Tuesday, January 12, 2010

子曰:八佾舞於庭 Confucius Said: Having Eight Rows of Dancers to Perform in Courtyard


The Confucian theories on music and dance stressed that music and rites were indispensable in performing their education role, and that music and dance were vital in purifying people's mind. Rites set down social class differences, while music was a mediator in the society of all classes. This mediation could maintain the social stability and reach the rulers' political goal to well run the world.
In performing rites, what must be emphasised is that one has to perform them with the correct attitude. For example, when performing a sacrifice, one has to feel reverence for the spirits; when carrying out the rites of mourning, one has to feel grief for the decreased. Similarly, in serving his lord, a minister was to be respectful; in governing his people, a ruler was to be benevolent. Without this emotional component, ritual becomes a hollow performance. Acting in conformity with the rules of proper conduct requires an inner dimension for its foundation. Otherwise, ritual will only be the mechanism of regulating people’s behaviour.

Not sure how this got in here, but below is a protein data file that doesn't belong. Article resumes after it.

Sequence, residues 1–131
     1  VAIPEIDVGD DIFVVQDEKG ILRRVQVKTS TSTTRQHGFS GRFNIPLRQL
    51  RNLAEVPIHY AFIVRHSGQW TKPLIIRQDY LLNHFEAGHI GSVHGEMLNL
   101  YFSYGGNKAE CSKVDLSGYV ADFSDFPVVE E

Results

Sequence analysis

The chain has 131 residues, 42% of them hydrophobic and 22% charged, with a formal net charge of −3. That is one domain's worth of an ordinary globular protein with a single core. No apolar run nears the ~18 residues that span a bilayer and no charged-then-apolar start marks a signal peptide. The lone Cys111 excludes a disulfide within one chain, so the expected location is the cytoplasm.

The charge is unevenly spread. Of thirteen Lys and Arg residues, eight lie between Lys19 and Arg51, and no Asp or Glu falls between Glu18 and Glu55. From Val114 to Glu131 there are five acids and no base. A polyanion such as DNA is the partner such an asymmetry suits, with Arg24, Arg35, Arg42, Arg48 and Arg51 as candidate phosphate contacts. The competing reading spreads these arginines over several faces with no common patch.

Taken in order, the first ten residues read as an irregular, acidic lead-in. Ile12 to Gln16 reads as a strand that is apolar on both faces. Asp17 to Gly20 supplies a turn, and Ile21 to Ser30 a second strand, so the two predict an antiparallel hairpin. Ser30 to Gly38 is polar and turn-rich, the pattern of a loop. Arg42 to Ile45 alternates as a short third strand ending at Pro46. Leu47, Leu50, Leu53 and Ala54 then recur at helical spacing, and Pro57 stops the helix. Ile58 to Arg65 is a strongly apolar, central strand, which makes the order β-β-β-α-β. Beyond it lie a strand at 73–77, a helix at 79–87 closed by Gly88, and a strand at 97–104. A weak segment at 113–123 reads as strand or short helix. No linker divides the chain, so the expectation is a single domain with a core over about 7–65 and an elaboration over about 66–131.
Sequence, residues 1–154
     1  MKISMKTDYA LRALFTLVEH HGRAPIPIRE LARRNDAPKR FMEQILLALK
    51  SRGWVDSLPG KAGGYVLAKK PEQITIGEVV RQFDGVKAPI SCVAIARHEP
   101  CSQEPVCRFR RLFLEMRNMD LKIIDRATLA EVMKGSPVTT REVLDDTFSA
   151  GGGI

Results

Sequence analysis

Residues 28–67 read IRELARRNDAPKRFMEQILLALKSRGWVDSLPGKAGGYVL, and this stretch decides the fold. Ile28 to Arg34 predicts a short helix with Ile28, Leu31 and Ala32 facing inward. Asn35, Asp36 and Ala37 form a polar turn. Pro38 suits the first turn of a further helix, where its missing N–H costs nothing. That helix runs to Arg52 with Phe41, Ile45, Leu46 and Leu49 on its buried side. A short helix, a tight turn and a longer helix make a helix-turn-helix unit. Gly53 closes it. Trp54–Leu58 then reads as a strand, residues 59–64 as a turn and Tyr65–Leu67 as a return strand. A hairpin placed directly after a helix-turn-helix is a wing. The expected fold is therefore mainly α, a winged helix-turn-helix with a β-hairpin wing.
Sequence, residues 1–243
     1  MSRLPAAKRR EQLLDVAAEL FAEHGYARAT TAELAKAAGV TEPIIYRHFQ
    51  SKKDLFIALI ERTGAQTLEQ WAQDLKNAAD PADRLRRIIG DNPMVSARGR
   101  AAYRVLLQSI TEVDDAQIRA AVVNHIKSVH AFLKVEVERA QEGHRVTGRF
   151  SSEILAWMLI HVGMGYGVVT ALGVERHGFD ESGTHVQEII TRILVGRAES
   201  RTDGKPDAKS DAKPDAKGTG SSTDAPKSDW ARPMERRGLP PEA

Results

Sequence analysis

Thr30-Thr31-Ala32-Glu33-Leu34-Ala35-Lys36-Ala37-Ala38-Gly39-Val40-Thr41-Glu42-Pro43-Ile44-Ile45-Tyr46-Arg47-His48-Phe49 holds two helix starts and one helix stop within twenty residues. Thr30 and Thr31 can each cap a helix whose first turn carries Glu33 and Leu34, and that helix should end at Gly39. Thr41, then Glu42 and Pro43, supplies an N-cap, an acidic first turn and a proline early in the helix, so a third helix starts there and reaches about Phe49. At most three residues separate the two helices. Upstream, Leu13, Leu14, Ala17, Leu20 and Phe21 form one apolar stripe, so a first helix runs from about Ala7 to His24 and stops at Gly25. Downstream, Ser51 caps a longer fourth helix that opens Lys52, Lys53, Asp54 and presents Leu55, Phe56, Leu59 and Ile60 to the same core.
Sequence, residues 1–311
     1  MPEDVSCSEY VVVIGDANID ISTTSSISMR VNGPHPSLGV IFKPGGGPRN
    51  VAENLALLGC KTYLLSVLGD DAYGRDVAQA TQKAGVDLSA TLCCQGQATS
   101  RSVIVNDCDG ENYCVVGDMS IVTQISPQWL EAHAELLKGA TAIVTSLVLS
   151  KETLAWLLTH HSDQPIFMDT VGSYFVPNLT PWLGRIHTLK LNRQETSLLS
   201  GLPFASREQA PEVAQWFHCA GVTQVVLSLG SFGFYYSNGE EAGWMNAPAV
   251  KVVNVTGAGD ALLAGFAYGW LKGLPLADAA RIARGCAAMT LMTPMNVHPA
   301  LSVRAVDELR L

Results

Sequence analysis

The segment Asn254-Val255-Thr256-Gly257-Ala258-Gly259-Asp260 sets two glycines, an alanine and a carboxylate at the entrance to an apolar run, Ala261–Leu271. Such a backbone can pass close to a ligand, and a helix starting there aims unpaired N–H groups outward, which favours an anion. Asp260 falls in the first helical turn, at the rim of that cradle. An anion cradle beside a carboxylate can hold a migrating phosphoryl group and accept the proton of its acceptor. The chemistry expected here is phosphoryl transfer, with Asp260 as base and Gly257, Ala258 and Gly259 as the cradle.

Rites therefore have prominent role in the creation of social mores, as they inform people about their duties to others and also of their reasonable expectations of them. Formalized behavior becomes progressively internalized, desires are channeled and personal cultivation becomes the mark of social correctness.
Since rites are paramount social law, people have to act according to them. He was therefore very upset when he heard of Jisun family’s violation of rites by getting eight rows of dancers to perform in his courtyard. During Zhou dynasty, different ranks in society were allowed different number of dancers to perform outside the ancestral hall during memorial ceremony: the King could have eight rows of eight dancers, feudal lords six rows, minister four rows, and official two rows. The head of Jisun family officially held only the position of minister, and his use of eight rows of eight dancers thus shown an outrageous usurpation of ritual prerogatives of the Zhou king.
Confucius said of the head of the Ji family, ‘He is having eight rows of dancers to perform in his courtyard. If he can bear to do this, what may he not bear to do?’

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